Green beans and I go back a long way. Years ago in early college days, days of my first attempts to cook, a friend noted that I cooked green beans a lot. He’d joke and say that it seemed like it was the only thing I was able to do :D. He wasn’t wrong. It was! 😀

Tempeh with Green Beans by Harini

Anyway, in this recipe I choose to mix crunchy green beans with tempeh. Tempeh, a soybeans-based patty, is so versatile and a source of protein. Indonesians use it as their meat substitute. Here in the US, tempeh can be easily found in the organic section.

Ingredient list:

  • 1 organic soy tempeh (8 oz) (cut into four pieces and slice into thin cuts)
  • A handful of green beans (about 2 cups)
  • 2 shallots (chopped)
  • 2 garlic (chopped)
  • 2 Thai peppers, also called as Bird’s Eye peppers (chopped)
  • 2 tablespoon of light soy sauce
  • 3 tablespoon of vegetable/canola oil
  • ¼ cup of water

Steps:

  • Heat up a medium pan over medium heat
  • Add 2 tablespoon of vegetable/canola oil
  • Brown both sides of tempeh (turn only once)
  • Remove from the pan and set aside
  • On the same pan, use remaining oil if available, if not, add 1 tablespoon of vegetable/canola oil
  • Add shallots and garlic and let them cook for 2-3 minutes
  • Add the light soy sauce, Thai peppers, and green beans
  • Stir and mix them together
  • I usually add a little bit of water to help the vegetable cook better (about 1/4 cup)
  • Cover the pan with a lid and let it cook for about 5 minutes or until the liquid starts to boil. Taste and adjust.
  • Remove pan from the heat and add the cooked tempeh. Mix everything together and serve with jasmine rice.

Hope you like it!

More favorite tempeh recipe:

Tempeh with Chilies and Vegetables

Chili-Topped Tempeh

***

A little reflection:

I think of cooking, like writing, as one of my creativity outlets. One that allows flow to happen and take over me for a little bit. Maybe my friend and fashion blogger (and a fellow cooking enthusiast), Leena, would agree that there are some similarities in the process of putting together a beautiful outfit and making a delicious dish. I imagine they both require imaginative minds; attention to texture, colors, feel, and in cooking: taste; and appreciation for beauty. Best of all, they both create enjoyable results!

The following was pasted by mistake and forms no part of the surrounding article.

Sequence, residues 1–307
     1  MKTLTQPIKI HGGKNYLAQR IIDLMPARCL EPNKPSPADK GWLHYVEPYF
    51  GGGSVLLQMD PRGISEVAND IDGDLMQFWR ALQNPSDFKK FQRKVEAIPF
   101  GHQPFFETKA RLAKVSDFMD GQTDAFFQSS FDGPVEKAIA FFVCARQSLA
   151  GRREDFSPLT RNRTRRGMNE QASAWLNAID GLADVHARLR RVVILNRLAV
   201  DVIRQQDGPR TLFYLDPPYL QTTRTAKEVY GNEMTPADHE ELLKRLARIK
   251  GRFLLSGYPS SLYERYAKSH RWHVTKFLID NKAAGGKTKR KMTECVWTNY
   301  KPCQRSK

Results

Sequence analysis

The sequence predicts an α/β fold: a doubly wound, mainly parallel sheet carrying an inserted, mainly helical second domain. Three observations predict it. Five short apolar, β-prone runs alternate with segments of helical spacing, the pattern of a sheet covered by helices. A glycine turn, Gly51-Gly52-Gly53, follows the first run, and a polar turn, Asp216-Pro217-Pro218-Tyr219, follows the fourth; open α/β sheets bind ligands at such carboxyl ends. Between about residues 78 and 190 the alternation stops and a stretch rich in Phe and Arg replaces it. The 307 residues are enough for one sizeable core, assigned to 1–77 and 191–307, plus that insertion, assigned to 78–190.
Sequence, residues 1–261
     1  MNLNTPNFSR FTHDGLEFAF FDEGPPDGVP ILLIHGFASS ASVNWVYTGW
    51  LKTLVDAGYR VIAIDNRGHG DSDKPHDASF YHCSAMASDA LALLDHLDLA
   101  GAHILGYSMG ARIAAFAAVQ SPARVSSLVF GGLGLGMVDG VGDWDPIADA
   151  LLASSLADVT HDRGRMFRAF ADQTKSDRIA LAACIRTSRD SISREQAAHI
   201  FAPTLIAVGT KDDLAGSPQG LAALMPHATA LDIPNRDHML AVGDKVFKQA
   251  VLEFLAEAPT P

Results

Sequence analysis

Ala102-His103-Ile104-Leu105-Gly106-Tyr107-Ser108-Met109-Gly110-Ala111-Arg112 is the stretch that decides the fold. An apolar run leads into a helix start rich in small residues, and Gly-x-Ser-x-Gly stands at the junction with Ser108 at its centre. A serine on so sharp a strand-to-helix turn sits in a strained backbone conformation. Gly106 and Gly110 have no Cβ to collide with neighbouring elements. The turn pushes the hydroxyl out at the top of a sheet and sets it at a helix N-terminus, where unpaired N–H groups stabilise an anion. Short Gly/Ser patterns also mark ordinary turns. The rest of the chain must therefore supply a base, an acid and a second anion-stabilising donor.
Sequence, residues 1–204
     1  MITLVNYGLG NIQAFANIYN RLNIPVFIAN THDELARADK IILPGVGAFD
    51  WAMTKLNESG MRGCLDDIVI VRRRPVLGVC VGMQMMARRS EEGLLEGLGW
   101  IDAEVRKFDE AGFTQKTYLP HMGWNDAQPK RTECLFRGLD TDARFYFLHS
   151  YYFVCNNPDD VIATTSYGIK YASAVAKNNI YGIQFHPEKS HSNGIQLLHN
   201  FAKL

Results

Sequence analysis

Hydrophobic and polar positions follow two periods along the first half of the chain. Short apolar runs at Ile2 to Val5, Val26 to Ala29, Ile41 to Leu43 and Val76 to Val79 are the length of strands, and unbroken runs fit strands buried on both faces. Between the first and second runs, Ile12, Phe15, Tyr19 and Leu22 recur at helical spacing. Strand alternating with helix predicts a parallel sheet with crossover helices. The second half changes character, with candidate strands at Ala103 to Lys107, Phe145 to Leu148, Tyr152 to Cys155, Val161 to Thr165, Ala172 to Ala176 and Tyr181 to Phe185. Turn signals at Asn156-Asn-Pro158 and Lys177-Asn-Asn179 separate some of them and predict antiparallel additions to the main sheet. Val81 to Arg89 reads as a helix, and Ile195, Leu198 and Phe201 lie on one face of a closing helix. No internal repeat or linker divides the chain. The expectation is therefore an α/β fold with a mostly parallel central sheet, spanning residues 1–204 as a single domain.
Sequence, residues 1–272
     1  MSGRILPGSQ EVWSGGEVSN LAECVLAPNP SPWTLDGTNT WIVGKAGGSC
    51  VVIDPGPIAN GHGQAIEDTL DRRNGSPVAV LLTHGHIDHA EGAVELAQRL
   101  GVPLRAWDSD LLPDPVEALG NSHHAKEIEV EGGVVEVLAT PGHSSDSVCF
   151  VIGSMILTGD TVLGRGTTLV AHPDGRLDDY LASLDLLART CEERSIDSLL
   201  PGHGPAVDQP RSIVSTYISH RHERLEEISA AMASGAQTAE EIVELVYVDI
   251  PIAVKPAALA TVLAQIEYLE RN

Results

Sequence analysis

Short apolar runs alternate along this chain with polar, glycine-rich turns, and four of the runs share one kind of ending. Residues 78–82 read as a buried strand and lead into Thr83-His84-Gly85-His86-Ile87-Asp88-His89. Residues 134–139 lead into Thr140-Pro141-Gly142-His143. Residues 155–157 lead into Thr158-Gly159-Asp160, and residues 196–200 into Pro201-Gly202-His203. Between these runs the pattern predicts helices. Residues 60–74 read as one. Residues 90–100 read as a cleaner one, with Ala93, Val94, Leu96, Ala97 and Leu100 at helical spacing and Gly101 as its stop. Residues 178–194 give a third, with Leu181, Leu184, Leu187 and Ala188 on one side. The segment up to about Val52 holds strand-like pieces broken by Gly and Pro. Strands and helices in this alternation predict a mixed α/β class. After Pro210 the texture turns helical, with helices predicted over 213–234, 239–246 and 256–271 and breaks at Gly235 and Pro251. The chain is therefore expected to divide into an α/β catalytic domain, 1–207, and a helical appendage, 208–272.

Cooking might not create flow for everyone as it does for me. Besides, different folks different strokes, right?

So, what about you, dear readers?

What fully absorbs and captures your creative energy?

Egg Noodles and Sea Scallops in Eggplant, Pepper, and Tomato Sauce

Noodles, Pasta, Seafood Recipes, Vegetable Recipes

Egg Noodle with Scallops in Eggplant/Tomato Sauce by Harini

My kind of pasta dish: spicy and loaded with seafood and vegetables.

Egg Noodles with Sea Scallops in Eggplant/Tomato Sauce by Harini

Last summer, I wrote about an eggplant/peppers/tomato dish that I learned from a good friend of mine. I really liked the dish and this time I decided to mix it up with some egg noodles and sea scallops. Definitely another favorite pasta dish: light, infused with great fresh produce flavors, and boy…would you just look at the colors! Such a treat for the palate AND the eyes.

Here’s how I do the eggplant/peppers/tomato sauce:

  • Get 2-3 smaller and skinnier eggplants (or 1 big eggplant)
  • Halve the eggplants and cut into 4 long pieces
  • Chop them up into shorter cuts
  • Dice 4 medium size tomatoes
  • Mince 4-5 garlic
  • Chop 1 red bell pepper
  • Chop 5-7 hot finger peppers (Serrano or jalapeno would work too. Warning: spicy! Please adjust to your spicy-tolerance level)
  • Heat up a medium pot with a tablespoon of olive oil
  • Let the garlic sizzled for 2 minutes, add all of the above, sprinkle a little salt and pepper into the pot
  • Close with a lid and cook until the eggplants turned soft and translucent (15-20 minutes over medium heat)

Prepare the egg noodles:

  • Bring water to a boil in a medium pot, add a little bit of olive oil and salt, and cook 2-3 cups of egg noodles for about 6-8 minutes (or as directed on the bag)
  • Drain and set aside

Prepare the sea scallops:

  • Drizzle extra-virgin olive oil and lemon juice from 1-2 lemons on the (thawed) 8-10 scallops
  • Sprinkle a little bit of salt and black pepper
  • Let them sit for about 10-15 minutes to marinate